UK transport operator Stagecoach has explained its decision to not take on "well in excess of £1bn" in pension risks as part of a franchise bid.
In a statement to the London Stock Exchange on May 2, Stagecoach explained the risks of taking on the pension liability of the franchised train operators which included "exposure to substantial additional pension contributions".
Stagecoach estimated it could have had to pay out £1.6bn in pensions liability, which included £691m on one franchise alone.
Due to the company being unwilling to accept these pension risks, on April 10 the Department for Transport disqualified it from a total of three franchise bids.
Stagecoach stated that accepting the DfT’s pensions position would have resulted in "unknowable risk and been contrary to the success of the company and also contrary to the interests of employees, customers and the franchise".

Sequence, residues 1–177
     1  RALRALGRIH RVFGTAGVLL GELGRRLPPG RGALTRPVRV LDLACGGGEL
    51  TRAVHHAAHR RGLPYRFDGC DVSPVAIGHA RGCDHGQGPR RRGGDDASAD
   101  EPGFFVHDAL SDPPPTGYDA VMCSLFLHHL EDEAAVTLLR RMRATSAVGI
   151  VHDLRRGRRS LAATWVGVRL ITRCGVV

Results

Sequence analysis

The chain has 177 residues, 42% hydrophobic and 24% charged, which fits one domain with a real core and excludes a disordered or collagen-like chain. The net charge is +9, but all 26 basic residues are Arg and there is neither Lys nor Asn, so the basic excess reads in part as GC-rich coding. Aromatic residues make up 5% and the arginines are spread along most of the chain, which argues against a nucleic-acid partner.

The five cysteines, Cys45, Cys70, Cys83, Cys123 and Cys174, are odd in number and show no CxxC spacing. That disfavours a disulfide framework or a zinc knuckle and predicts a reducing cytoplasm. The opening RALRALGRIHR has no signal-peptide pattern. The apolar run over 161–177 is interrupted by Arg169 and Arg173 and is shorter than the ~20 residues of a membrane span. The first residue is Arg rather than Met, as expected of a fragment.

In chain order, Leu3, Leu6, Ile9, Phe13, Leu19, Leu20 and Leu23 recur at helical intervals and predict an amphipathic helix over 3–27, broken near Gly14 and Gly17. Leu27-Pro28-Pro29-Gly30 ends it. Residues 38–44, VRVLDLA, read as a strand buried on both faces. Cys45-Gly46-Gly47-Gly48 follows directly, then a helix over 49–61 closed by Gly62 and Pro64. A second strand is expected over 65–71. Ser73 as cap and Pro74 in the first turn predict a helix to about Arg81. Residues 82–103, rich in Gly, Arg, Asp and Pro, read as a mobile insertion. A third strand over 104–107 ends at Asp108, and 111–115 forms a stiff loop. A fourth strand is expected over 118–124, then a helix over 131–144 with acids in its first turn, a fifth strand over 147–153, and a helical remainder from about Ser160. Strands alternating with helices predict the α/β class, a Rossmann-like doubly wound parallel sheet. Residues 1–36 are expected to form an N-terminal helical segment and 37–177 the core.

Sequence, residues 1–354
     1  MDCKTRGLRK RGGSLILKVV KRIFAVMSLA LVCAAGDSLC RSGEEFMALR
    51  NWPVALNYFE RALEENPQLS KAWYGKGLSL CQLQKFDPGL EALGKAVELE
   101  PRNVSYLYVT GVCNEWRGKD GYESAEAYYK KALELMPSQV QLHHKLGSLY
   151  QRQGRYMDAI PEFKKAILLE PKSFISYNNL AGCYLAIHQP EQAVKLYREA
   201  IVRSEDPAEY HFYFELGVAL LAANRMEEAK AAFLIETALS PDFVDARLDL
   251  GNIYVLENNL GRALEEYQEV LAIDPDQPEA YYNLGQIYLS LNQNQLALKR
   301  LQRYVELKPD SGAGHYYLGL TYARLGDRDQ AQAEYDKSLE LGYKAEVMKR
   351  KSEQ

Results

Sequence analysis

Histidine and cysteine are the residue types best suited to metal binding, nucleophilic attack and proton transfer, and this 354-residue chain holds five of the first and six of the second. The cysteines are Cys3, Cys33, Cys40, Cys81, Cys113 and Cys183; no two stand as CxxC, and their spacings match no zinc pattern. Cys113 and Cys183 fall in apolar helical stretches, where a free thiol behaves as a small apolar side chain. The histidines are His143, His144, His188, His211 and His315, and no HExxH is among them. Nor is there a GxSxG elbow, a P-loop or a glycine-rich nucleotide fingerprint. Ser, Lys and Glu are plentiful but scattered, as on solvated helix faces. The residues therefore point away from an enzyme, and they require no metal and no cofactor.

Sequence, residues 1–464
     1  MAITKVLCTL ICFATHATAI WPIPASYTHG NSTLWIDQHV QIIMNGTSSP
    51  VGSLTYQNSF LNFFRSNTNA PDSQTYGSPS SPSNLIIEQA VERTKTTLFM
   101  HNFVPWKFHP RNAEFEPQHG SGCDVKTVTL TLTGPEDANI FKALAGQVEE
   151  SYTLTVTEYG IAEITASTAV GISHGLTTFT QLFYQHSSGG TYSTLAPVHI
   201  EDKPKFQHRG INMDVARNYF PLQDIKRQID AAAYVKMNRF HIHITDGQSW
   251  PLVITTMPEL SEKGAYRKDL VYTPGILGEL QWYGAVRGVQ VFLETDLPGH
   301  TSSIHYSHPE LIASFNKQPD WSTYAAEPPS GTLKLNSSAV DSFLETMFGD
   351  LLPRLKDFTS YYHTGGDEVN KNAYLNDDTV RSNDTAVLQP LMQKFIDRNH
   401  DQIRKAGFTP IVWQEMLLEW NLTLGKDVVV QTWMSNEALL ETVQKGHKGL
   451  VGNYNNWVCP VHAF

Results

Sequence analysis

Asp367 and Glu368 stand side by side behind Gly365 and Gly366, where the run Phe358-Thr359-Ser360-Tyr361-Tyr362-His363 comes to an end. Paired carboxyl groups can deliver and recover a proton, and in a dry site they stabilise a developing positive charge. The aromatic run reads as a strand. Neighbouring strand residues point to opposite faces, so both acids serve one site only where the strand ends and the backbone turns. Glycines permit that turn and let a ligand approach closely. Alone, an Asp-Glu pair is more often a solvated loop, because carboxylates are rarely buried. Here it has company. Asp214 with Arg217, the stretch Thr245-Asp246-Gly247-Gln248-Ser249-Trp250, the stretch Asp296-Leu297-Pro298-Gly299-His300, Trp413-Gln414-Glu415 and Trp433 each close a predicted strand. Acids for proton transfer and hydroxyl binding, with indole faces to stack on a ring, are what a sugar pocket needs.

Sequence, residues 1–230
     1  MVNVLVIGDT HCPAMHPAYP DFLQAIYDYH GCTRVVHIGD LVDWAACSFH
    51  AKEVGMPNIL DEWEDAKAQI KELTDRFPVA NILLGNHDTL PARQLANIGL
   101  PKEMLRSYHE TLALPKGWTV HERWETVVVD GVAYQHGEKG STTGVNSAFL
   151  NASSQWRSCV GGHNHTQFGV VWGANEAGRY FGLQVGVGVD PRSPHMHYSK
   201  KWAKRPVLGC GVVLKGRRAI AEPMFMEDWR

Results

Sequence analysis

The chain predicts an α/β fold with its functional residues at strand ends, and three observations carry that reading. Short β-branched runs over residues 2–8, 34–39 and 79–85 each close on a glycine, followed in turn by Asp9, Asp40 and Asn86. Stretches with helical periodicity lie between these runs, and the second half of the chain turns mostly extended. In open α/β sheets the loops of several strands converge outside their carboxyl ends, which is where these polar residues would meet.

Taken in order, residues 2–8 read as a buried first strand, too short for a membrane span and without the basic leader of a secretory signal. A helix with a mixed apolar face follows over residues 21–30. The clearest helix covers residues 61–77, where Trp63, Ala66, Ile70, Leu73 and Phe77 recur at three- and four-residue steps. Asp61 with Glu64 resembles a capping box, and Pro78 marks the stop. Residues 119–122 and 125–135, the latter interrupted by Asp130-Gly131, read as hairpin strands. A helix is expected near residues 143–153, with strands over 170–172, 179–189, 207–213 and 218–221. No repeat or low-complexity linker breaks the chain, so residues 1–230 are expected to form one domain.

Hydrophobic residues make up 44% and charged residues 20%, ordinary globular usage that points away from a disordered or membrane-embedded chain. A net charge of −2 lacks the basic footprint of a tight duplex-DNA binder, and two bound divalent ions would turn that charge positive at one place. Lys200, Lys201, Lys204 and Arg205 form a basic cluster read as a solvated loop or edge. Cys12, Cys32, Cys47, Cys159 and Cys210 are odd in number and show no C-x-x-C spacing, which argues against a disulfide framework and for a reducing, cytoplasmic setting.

The franchise bids included:
- East Midlands, where Stagecoach was bidding independently;
- South Eastern, where Stagecoach was bidding with support from Alstom; and
- West Coast Partnership, where Stagecoach was part of a joint bid with Virgin Group and SNCF.
The railways pension scheme is a defined benefit scheme split into a number of sections which cover the franchised train operating companies.
The sections operate on a shared cost basis with the employer responsible for 60 per cent of the total contributions payable to the scheme and the employees responsible for 40 per cent.
The privatisation of the UK railway in the 1990s resulted in a franchised train operator's obligation to the railway pension scheme being limited to paying the employer contributions due for the period of its franchise with no operator being held responsible for any scheme deficit at the end of the franchise.
As a result of this Stagecoach stated that in the absence of any protection in the contract, an operator of a new rail franchise could have an exposure to substantial additional pension contributions.
Stagecoach said: "We understand that the Pensions Regulator considers there to be a deficit of up to £7.5bn across the franchised train operators and is seeking significant additional contributions to the scheme which are as yet unquantified."
Frank Field requested that the regulator reports on the extent of the final salary scheme’s deficit, and TPR’s actions and future plans to work with firms and the Department for Transport to address this shortfall.